With only a month remaining before the July 1, 2020 enforcement date for the California Consumer Privacy Act (CCPA), California’s Attorney General has just submitted final regulations to California’s Office of Administrative Law for review and approval. The review process may take up to three months. As businesses continue to grapple with data privacy compliance efforts amidst the COVID-19 pandemic, the final regulations will provide more detailed guidance for thorny compliance questions that the CCPA left open. However, businesses should also be aware that California’s data privacy regulations might soon be subject to further change if California votes in favor of the California Privacy Rights Act ballot initiative in November.
RJO’s Cybersecurity and Privacy Group is tackling these challenges and can provide our clients with customized and practical assistance with data privacy preparation and compliance efforts.
The Attorney General submitted the final version of the regulations for review on June 1, 2020. The Attorney General has requested an expedited review of the regulations with the goal that they will be approved within 30 days. However, OAL procedures currently provide approximately three months to review and approve the regulations before they take final effect when considering the OAL’s normal 30 day review period and Governor Newsom’s recent executive order, which provided the office with 60 additional days to review pending regulations.
The final regulations include clarifications on placement and format of collection notices (online and in-person), updates on the application to minors and households, accessibility standards for webpages, methods for submitting and responding to requests to know and delete, training and record-keeping requirements, and a wide variety of other aspects of the law. RJO’s Cybersecurity and Privacy Group will release additional information on the final regulations after a full review.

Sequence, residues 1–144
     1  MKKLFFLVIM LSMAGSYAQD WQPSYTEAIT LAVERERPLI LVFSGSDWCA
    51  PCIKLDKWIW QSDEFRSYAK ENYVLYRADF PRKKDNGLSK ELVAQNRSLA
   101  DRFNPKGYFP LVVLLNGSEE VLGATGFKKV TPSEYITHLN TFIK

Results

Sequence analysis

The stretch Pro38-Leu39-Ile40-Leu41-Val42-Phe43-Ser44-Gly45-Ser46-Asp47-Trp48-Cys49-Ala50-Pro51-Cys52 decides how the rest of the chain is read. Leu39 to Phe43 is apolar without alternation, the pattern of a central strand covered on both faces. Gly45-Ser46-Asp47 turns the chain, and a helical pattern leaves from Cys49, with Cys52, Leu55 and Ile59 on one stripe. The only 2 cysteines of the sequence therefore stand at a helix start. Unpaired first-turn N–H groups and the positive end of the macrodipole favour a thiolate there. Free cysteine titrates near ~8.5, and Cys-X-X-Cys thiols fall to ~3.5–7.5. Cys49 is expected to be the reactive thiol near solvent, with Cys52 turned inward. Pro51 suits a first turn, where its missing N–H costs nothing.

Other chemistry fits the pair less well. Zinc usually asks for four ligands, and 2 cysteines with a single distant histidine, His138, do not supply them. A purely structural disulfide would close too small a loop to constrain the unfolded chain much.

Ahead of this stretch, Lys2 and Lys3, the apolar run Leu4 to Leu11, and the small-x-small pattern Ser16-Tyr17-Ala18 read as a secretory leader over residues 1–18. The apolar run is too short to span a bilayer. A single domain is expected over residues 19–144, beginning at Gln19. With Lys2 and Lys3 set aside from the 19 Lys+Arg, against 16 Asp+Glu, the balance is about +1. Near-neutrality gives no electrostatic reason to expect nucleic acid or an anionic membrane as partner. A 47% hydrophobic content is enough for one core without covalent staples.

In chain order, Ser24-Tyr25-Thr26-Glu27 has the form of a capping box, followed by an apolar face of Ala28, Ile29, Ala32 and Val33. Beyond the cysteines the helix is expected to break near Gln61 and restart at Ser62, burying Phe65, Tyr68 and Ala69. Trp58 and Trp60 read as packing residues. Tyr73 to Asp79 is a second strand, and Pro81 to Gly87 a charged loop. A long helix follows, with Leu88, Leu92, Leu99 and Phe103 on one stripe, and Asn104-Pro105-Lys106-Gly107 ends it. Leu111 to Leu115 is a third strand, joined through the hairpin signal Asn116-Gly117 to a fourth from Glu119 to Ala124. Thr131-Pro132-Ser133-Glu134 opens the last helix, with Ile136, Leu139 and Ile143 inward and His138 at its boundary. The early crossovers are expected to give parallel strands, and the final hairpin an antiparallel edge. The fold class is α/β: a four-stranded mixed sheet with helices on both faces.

In announcing the regulations, the Attorney General indicated that the July 1, 2020 enforcement date will stand.
While CCPA enforcement has yet to commence, the privacy advocates behind the CCPA are forging ahead with their “CCPA 2.0” measure, and recently announced that they have secured enough signatures to place their measure on California’s November ballot.
On May 4, 2020, Californians for Consumer Privacy, a non-profit founded to push for the original CCPA, announced that it had gathered enough signatures to put its California Privacy Rights Act (CPRA) in front of California voters in November. While county officials are currently verifying the signatures, initial reports to the Secretary of State show a high validity rate. The verification process must be completed by June 25, 2020, which is the Secretary of State’s deadline to certify the requisite number of signatures for the ballot initiatives.
The CPRA would make significant changes to the CCPA, but would not take effect until January 1, 2023 (though certain provisions would take effect on January 1, 2021). Among these changes, the CPRA would push back the current CCPA exemptions for employee and business-to-business communications until January 1, 2023. Those exemptions are currently scheduled to expire at the end of this year, pending further legislation.
The CPRA would amend the CCPA in the following ways:
As described above, The CPRA would introduce another layer of complexity to CCPA compliance, likely leading to additional rounds of clarifying legislation and new regulations.
Rogers Joseph O’Donnell specializes in working with corporate and business clients on compliance with complex laws and regulations that impact their business. RJO’s Cybersecurity and Privacy Group is comprised of experienced attorneys from each of its other practice areas, allowing us to understand and tailor our work to our clients’ business needs. For compliance advice or defense of claims, contact any of the Practice Group Chairs or the authors of this article at www.rjo.com.
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